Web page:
Friday Pearls

Friday Pearls

The Allergic Dry Eye and Inflammation

Friday, September 30, 2005

Ocular allergy can be broadly classified into four disease subcategories: seasonal allergic conjunctivitis (SAC), perennial allergic conjunctivitis (PAC), vernal keratoconjunctivitis (VKC), and atopic keratoconjunctivitis (AKC). It is estimated that over 20% of the general population suffers from some form of ocular allergy. Of those, over 90% have SAC, PAC, or both.

AMD Awareness Internet Conference

Friday, September 16, 2005

In keeping with their commitment to provide up-to-date and useful information to macular degeneration patients and their families, the non-profit foundations that make up the International AMD Alliance are sponsoring the first AMD Awareness Internet Conference during AMD Awareness Month 2005. The conference dates are Sept 22nd -24th.

Serum Lycopene Decreases in AMD Patients

Friday, September 09, 2005

Age Related Macula Degeneration seems to result from cumulative oxidative damages suggesting that antioxidants can exert a protective effect against this pathology. A recently published peer-reviewed study suggests that serum levels of the carotenoid lycopene decrease in AMD patients, while serum levels of lutein and zeaxanthin do not. This study suggests that it takes a village of carotenoids to properly protect the macula.

Betty Kamen, PhD: A Living Legend

Friday, September 02, 2005

It is most appropriate for the Biosyntrx research team to use the Labor Day weekend Friday Pearl to honor Dr. Betty Kamen, a member of our Scientific Advisory Board, for her half century of labor and outstanding contributions to the field of nutrition education. Betty recently celebrated her 80th birthday. She is living proof that insatiable curiosity (academic and otherwise), good nutrition, commitment to family, fitness, and the work you love, can be the key to looking beautifully radiant and feeling good at every age.

Where Are The Bodies?

Friday, August 26, 2005

Dietary supplements have an extraordinarily safe usage history. In the United States, close to half of the population takes herbal or nutritional supplements every day. Andrew Saul, PhD, nutritionist and former health science and biology professor at State University of New York (SUNY) suggests that this amounts to over 145,000,000 individual daily doses, for a total of just under 53 billion doses annually. The most elementary of forensic arguments to the much publicized CODEX-FDA call for tighter controls on the supplement industry is - where are the bodies?

Smoking: A Call to Action

Friday, August 12, 2005

The untimely death of Peter Jennings from cigarette smoking related lung cancer suggests the need to discuss the increased risk factor for several eye diseases in those who smoke; including macular degeneration, glaucoma, cataract, diabetic retinopathy, optic neuropathy and neuritis, and dry eyes. Cigarette smoking is the single biggest preventable cause of death and disability in developed countries and it is one of our most significant public health concerns. The literature strongly suggests that ischemic, toxic, and oxidative effect of cigarette smoking plays an important role in damaging all ocular tissue.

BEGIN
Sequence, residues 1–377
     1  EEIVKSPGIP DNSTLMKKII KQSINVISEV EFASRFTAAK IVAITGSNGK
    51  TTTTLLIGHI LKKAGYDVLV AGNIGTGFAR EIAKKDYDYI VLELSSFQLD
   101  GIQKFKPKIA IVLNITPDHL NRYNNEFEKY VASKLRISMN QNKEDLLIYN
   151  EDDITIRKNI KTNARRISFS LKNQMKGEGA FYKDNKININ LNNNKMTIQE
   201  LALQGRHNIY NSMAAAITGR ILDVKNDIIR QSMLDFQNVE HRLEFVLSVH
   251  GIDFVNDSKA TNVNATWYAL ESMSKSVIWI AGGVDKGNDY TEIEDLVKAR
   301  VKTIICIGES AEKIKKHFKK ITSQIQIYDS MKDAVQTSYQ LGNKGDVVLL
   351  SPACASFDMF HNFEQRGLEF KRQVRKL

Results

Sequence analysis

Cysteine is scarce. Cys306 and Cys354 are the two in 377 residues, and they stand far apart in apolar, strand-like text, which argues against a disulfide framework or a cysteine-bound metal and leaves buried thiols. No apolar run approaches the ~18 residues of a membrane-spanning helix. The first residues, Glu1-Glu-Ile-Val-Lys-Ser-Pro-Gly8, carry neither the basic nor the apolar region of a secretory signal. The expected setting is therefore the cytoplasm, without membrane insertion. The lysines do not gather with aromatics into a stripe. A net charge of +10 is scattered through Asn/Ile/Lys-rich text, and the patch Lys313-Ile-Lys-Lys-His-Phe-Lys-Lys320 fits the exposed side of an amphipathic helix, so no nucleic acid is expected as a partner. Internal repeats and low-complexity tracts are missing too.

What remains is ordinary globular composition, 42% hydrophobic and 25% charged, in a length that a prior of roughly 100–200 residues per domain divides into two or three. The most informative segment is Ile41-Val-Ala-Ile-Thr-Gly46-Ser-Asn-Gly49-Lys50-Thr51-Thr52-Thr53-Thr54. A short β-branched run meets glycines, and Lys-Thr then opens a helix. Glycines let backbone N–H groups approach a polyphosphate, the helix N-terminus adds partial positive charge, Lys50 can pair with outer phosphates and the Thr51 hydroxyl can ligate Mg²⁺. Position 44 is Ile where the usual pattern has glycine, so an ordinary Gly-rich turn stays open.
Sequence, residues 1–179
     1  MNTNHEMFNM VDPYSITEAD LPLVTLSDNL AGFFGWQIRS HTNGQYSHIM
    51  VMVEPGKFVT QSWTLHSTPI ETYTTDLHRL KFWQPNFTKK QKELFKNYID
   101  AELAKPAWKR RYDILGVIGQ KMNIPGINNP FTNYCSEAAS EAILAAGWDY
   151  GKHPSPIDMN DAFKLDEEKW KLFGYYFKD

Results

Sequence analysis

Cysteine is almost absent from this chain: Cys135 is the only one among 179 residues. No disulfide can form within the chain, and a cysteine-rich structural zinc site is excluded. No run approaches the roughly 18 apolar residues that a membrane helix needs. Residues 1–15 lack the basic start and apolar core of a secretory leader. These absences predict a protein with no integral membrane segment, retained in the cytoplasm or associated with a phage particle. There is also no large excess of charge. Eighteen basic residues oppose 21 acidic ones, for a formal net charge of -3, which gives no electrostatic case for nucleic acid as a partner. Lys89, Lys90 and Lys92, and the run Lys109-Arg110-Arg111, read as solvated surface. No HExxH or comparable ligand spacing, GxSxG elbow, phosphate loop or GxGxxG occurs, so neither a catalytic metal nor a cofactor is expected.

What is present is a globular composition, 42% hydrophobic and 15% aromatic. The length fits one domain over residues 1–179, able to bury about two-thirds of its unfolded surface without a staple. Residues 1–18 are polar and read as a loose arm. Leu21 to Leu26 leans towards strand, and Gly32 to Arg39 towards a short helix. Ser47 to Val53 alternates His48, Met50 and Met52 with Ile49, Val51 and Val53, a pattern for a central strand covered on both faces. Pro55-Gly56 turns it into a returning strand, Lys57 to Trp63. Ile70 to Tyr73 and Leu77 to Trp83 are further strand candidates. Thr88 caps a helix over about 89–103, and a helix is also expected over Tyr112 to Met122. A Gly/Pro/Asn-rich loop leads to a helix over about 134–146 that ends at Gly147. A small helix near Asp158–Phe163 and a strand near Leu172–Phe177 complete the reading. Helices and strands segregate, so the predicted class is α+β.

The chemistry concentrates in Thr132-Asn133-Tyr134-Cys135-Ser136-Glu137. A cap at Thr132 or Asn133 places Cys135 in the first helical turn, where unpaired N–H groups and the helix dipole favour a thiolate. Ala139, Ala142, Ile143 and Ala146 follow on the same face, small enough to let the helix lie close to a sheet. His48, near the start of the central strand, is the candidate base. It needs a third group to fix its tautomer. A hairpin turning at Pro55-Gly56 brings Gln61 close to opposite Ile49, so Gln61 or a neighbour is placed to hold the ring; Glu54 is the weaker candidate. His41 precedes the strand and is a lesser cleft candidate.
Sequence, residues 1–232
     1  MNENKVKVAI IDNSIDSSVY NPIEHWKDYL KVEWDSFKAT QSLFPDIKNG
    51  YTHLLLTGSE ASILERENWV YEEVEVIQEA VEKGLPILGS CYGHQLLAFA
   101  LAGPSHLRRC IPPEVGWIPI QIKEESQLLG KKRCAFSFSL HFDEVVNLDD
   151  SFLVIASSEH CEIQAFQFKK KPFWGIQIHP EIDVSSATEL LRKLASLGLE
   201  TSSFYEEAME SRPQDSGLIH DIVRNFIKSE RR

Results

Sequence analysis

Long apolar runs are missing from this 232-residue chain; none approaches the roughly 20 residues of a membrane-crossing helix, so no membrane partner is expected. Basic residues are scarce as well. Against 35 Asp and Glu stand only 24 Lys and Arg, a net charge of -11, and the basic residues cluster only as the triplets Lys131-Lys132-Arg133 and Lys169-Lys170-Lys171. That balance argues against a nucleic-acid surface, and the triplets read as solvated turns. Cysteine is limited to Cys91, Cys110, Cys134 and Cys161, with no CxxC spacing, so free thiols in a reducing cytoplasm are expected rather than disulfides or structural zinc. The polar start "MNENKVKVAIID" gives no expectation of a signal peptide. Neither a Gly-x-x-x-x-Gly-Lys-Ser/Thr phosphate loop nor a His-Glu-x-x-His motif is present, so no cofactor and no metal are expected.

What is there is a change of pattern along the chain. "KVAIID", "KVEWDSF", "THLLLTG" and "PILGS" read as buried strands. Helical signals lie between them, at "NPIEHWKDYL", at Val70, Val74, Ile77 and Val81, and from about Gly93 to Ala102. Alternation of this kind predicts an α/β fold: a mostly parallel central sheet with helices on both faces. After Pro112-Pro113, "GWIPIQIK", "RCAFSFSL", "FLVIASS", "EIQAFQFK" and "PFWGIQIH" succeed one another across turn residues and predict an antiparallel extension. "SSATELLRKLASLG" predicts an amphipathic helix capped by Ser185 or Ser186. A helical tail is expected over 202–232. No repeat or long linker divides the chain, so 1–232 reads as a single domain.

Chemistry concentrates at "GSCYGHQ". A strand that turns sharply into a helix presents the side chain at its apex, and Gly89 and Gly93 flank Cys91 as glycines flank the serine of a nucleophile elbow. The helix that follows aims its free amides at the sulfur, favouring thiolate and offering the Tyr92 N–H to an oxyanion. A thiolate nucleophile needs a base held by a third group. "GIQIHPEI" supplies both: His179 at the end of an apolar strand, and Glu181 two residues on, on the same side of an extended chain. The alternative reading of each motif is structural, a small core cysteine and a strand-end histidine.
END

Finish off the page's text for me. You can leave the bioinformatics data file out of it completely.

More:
The AMD Inflammation Debate Continues

Thursday, July 28, 2005

Conflicting Age-Related Macula Degeneration studies published in the past 60 days by reputable journals add fuel to the AMD inflammation fires. Recent studies published in Archives of Ophthalmology and The American Journal of Ophthalmology support differing points of view.

Statins: A Safe Ophthalmic Drug for Inflammation?

Friday, July 22, 2005

A number of recently published studies suggest that Statin drugs may be appropriate to control the endothelial inflammatory process associated with a number of chronic diseases of the eye, including glaucoma and macular degeneration. Goodman and Gilman's Pharmacological Basis of Therapeutics, states: "Any drug, no matter how trivial its therapeutic actions, has the potential to do major harm." Statin drugs are not trivial.

Beta-Carotene and Smokers Revisited

Friday, July 01, 2005

Supplemental beta-carotene was shown to increase the risk of lung cancer in smokers in a poorly designed Finish, Alpha-Tocopherol, Beta-Carotene Cancer Prevention (ATBC) study. A second study, Carotenoid and Retinol Efficacy Trial (CARET) also found a higher incidence of lung cancer in those people taking a whopping 30 mg of synthetic beta-carotene, plus 25,000 IU of pre-formed Vitamin A retinol.

Obesity, Inflammation and AMD

Friday, June 24, 2005

Recent data suggests adipose tissue (connective tissue that stores fat) to be a multifunctional organ rather than simply a passive storage site for excess energy. Adipose tissue secretes a variety of factors that exert multiple effects at both the local and the systemic level. These secretions include protein families, fatty acids, prostaglandins and cytokines, including Interleukin-6 (IL-6), which is now recognized as a biomarker for inflammation, along with C-reactive protein (CRP).

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